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ID Supreme Court hears Festival at Sandpoint firearms case

Idaho Public TV screenshot
Attorney Katharine Brereton, representing the city of Sandpoint, makes her case before the Idaho Supreme Court.

The case involves a current state senator from the Panhandle.

A case that explores whether the Festival at Sandpoint can ban firearms went before the Idaho Supreme Court Monday.

The case involves a sitting member of the Idaho legislature. During the summer of 2019, Scott Herndon, then a private citizen but now a state senator, and a companion named Jeff Avery came to Sandpoint’s War Memorial Field to see a Festival show. They were carrying firearms. A guard at the gate and a county attorney wouldn’t let them in.

“The city of Sandpoint’s government is merely the guardians of the public trust, which means the city government has no power to regulate the public’s right to carry firearms for self defense on public property," said Donald Kilmer, a Caldwell, Idaho attorney representing Herndon, Avery and two Second Amendment groups.

The two men had their tickets refunded and they left. But they later sued, claiming the city and Festival, among other things, conspired to deprive them of their right to carry their firearms onto the property. The District Court judge ruled against them and they then appealed to the Idaho Supreme Court.

The city argued it had rented the land to the Festival, which essentially made the venue private during the run of the lease. Doesn’t matter, said Kilmer.

“In this case, the lease was illegal from its start,” he said. He argued there’s no evidence the city council approved a resolution, putting the park off limits to the public at the time of the Festival. And even if it did, “The disposition of public property in Idaho, whether it’s a lease or a full conveyance, is a legislative function and cannot be delegated to an agency or a city government," he said.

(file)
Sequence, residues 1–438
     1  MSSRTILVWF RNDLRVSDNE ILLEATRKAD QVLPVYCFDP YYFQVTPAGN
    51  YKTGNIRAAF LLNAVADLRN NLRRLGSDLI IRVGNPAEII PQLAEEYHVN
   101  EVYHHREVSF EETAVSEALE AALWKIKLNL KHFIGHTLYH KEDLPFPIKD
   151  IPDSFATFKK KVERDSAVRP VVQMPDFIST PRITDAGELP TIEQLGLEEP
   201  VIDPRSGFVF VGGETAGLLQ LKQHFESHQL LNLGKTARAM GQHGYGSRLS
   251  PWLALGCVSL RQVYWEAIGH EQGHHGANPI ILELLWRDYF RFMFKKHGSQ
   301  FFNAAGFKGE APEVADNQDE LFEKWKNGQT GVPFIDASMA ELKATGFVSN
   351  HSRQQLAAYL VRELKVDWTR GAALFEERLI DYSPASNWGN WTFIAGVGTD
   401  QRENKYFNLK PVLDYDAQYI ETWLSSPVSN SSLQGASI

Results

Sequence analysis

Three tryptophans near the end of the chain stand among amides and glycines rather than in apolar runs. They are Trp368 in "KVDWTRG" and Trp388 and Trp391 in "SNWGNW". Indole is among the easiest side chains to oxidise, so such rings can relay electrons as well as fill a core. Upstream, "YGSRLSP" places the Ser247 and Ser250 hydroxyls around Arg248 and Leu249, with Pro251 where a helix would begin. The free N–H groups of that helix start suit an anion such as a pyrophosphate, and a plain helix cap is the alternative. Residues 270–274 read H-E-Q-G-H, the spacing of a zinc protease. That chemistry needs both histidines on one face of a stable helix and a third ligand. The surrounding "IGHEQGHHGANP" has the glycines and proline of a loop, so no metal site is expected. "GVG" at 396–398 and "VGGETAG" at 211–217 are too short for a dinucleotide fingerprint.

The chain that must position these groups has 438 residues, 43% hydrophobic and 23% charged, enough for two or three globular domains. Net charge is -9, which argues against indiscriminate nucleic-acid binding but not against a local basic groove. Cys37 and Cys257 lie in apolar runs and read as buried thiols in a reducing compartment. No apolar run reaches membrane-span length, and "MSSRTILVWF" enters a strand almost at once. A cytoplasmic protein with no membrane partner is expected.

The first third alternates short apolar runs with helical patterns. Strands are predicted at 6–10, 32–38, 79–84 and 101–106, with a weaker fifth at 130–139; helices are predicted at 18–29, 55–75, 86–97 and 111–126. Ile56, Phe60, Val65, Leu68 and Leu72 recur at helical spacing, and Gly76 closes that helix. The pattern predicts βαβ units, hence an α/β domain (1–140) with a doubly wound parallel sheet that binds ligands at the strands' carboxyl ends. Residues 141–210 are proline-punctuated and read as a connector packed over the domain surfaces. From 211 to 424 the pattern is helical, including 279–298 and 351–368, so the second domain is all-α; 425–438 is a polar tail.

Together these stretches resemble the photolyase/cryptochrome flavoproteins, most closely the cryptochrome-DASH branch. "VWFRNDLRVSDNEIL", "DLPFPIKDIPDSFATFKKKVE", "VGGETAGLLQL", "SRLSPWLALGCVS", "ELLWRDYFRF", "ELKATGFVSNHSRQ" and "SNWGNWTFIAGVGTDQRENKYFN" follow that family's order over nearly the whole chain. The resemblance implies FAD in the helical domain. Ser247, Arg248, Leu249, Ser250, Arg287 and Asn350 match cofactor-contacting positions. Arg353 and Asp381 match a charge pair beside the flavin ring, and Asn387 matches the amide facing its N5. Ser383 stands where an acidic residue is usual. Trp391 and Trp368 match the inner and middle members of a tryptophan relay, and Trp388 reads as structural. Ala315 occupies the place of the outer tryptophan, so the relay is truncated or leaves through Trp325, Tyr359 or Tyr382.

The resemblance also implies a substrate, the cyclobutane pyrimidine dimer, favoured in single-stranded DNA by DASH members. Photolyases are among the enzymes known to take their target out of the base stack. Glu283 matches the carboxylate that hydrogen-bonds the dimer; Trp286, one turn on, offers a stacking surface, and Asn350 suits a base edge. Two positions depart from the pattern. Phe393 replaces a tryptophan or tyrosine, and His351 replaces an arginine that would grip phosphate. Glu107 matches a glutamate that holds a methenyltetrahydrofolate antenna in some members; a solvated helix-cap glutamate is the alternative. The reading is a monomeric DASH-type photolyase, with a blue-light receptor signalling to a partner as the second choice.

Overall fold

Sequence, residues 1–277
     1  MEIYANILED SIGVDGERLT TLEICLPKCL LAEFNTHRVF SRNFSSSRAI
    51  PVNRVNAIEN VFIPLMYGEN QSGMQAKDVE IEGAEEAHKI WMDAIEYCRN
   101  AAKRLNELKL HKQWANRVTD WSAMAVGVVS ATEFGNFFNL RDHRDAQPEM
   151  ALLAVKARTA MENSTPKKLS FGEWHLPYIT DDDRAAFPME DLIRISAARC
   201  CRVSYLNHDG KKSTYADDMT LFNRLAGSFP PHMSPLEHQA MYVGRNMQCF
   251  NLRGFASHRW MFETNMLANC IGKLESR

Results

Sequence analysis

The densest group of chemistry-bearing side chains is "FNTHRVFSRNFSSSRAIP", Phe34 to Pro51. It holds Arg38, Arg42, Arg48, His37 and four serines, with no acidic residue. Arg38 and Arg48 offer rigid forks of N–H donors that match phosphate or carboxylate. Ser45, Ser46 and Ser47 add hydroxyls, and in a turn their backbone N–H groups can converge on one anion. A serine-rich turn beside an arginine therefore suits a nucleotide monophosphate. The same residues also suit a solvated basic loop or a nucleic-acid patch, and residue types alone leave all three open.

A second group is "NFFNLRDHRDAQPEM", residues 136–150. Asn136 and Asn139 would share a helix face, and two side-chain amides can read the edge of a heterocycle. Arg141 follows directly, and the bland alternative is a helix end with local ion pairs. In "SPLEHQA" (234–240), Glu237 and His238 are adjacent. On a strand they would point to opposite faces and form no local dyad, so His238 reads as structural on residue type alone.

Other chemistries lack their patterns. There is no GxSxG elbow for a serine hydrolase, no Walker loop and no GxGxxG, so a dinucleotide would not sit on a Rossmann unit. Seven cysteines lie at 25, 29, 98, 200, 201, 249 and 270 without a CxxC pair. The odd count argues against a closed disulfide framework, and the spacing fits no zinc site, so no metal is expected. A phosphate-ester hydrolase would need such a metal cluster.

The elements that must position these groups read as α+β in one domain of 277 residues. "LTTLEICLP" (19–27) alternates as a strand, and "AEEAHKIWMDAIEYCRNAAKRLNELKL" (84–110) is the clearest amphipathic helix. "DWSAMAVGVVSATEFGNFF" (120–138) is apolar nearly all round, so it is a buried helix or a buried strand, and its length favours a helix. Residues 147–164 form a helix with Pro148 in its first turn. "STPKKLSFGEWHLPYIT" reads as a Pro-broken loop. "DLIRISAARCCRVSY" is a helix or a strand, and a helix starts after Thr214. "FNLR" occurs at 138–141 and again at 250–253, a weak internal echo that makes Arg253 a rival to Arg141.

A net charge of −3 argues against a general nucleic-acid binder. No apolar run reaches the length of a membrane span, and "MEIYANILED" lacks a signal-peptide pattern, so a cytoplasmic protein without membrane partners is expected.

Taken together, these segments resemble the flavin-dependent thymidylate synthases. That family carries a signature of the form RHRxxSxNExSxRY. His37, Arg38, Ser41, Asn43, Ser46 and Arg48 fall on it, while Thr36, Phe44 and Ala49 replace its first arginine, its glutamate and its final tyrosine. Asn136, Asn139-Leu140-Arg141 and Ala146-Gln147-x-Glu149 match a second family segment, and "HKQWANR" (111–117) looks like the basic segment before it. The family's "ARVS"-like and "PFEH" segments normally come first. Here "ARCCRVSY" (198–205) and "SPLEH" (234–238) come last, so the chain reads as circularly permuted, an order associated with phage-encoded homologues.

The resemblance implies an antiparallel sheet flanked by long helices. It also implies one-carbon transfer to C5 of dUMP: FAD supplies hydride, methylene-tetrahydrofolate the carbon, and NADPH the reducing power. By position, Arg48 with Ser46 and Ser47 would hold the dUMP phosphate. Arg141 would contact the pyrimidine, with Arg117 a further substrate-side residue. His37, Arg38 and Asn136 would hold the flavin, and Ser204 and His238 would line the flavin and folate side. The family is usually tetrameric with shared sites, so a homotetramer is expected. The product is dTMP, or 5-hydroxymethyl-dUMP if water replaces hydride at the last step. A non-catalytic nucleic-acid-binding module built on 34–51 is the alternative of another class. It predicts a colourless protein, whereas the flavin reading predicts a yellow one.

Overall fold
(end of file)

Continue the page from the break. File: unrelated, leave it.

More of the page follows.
Kilmer said War Memorial Field is not a venue that has strategic sensitivity, like a courthouse or a public school, where there’s a legitimate interest in regulating firearms.

The city, represented by attorney Katharine Brereton, said the attorneys for the gun proponents have failed to prove that the trial court ruling was wrong. Instead, Brereton said, they argue that there’s a nefarious process to deprive law-abiding citizens of their right to protect themselves.

“Appellants have claimed that the city and the Festival had a premeditated plan, a conspiracy, cloaked in the robes of a lease and that they were in collusion to violate public policy,” she said.

Brereton said the Second Amendment activists seem interested in trying to make this case a precedent setter.

“From the beginning this has been a test case,” she said. “And, as appellants have continuously demonstrated, one without a reasonable basis in fact or law.”

The court took the case under advisement.

One of the Northwest's most seasoned reporters is returning to his SPR roots. Doug Nadvornick will be heard frequently on KPBX and KSFC reporting on local news.